So, a device as simple as a paragraph indent will indicate to the reader the transition from one idea to the next. What would otherwise be a sea of gray type becomes a series of groups of ideas.

A good designer can use type style and size; width of margins; and contrast between the headings, subheads, and text copy (including type size and contrasting fonts) to group some information together and set this apart from other information.

But what other methods of organizing book content does the designer have at hand? One of these is the distinction between the cover and the main text pages, and between both of these and the front matter and back matter of the print book (i.e., the table of contents, copyright page, and title page in the front of the book, and the index and afterword in the back). The best way to learn to craft this global organization of a book is to observe, copy good design, and then create your own design work.

A Few Points on Magazine Design

In contrast, on a magazine page spread, the graphic artist has a few more design elements to consider than a print book designer. (Of course, this depends on the complexity of both the print book and the magazine.) These may include photos, captions, color screens and solids, and pull quotes. All distinctions (i.e., contrast) between one design element and the next will work together to serve up little chunks of information in a manner that aids in the reader’s comprehension.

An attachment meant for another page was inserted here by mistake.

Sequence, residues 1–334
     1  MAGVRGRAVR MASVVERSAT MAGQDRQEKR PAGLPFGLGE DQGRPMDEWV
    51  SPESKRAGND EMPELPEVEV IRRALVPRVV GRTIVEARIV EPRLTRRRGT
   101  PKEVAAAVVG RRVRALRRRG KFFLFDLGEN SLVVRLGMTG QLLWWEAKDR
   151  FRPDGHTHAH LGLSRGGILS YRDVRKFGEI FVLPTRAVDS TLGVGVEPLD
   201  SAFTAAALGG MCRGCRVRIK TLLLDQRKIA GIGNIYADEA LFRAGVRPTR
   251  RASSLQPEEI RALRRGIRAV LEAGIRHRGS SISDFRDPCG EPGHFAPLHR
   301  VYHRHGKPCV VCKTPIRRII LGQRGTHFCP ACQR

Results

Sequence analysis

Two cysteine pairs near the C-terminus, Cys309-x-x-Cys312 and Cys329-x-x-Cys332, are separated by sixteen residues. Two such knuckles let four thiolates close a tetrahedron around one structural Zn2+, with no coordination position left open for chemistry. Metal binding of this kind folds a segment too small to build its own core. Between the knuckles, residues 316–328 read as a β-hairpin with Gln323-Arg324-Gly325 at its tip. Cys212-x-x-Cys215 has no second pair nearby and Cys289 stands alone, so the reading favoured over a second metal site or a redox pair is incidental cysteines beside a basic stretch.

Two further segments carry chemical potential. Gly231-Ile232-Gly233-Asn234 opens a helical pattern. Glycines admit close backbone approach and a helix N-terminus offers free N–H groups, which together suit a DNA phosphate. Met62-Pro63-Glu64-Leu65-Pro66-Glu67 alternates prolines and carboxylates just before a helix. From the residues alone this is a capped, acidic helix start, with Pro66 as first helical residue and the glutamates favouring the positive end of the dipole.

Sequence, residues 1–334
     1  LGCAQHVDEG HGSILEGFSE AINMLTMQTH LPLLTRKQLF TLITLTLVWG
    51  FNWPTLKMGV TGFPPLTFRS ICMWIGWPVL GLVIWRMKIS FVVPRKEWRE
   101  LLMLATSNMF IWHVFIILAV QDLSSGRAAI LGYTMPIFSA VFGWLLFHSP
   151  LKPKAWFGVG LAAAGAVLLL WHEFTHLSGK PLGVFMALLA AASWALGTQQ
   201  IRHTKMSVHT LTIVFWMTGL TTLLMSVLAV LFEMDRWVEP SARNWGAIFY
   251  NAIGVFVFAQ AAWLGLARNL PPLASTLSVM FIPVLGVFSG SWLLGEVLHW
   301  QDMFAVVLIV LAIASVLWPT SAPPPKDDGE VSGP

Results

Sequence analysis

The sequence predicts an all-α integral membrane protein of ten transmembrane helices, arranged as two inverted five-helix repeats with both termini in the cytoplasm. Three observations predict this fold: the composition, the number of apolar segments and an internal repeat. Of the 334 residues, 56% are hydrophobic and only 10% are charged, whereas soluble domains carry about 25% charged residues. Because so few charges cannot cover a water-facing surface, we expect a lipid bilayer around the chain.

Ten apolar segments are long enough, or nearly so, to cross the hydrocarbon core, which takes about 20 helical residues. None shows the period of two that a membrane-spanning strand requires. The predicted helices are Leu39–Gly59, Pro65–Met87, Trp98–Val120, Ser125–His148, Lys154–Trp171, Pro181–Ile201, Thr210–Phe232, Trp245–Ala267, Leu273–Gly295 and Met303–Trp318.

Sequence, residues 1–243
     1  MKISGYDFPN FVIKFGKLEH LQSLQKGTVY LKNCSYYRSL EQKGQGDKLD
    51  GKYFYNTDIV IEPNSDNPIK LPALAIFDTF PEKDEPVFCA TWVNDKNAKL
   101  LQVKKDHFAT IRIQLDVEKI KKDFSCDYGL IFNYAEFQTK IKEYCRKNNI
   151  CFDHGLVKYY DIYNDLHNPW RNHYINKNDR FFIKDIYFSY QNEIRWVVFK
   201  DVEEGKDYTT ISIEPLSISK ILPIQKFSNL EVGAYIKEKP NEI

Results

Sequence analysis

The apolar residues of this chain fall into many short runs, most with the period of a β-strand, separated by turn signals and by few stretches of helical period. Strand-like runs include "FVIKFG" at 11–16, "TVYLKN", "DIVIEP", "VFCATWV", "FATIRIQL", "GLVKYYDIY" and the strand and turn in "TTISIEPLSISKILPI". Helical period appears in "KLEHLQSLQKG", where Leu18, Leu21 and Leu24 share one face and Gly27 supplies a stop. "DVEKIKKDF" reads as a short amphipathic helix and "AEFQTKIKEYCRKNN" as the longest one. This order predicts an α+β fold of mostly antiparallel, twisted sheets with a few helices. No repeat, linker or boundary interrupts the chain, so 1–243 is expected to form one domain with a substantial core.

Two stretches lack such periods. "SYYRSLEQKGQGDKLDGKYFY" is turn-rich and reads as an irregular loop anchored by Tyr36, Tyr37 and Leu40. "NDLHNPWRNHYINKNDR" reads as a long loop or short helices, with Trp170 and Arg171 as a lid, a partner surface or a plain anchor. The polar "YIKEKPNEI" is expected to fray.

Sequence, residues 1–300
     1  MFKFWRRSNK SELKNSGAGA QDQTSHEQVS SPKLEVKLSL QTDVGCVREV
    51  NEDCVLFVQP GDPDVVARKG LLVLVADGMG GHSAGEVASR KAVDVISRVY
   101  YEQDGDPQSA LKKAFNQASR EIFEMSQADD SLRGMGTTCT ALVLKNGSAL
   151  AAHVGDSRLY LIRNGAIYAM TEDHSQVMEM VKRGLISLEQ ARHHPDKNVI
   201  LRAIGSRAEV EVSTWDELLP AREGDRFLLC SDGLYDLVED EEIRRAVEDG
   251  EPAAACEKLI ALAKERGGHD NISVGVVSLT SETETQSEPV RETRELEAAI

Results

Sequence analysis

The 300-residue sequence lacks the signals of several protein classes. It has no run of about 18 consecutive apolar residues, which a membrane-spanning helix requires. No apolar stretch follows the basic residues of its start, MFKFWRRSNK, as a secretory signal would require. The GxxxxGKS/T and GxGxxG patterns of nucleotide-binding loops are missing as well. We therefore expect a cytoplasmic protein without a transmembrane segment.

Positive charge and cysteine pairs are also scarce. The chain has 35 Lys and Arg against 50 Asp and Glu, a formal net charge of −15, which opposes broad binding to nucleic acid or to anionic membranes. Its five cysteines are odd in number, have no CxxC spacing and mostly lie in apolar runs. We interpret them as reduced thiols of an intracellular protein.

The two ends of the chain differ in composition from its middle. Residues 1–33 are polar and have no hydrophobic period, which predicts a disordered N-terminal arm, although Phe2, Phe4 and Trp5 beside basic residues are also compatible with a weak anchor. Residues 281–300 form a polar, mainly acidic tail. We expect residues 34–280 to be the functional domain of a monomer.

It is up to you as the designer to determine this order of reading and to use your page design skills to facilitate it. The building blocks of page design include contrast in type size, contrast between type styles, size and color contrast within and between photos, and the use of white space on the page spread.

With magazine design, as with print book design, you use these to group certain visual elements and indicate their relative importance. There are a plethora of tips and tricks to create this “road map” for the reader. but in just a few words, your primary goal is to direct the reader’s eye around the page.

A good way to learn how to do this by studying design grids (the structure of a page: how things are placed within a predetermined “scaffolding,” also referred to as “page geometry”) of the books, posters, and brochures you find striking. Observe. Notice what you like. Then deconstruct it and articulate why you like it and what design rules the graphic artist has used to give order, structure, and unity to the layout.

Eye Movement (Some Samples for Illustration)

One of the key methods for leading the reader’s eye around a print book page, a magazine page, a poster, or a brochure is to note the visual direction implied in photos or other visual elements (even the style and placement of type).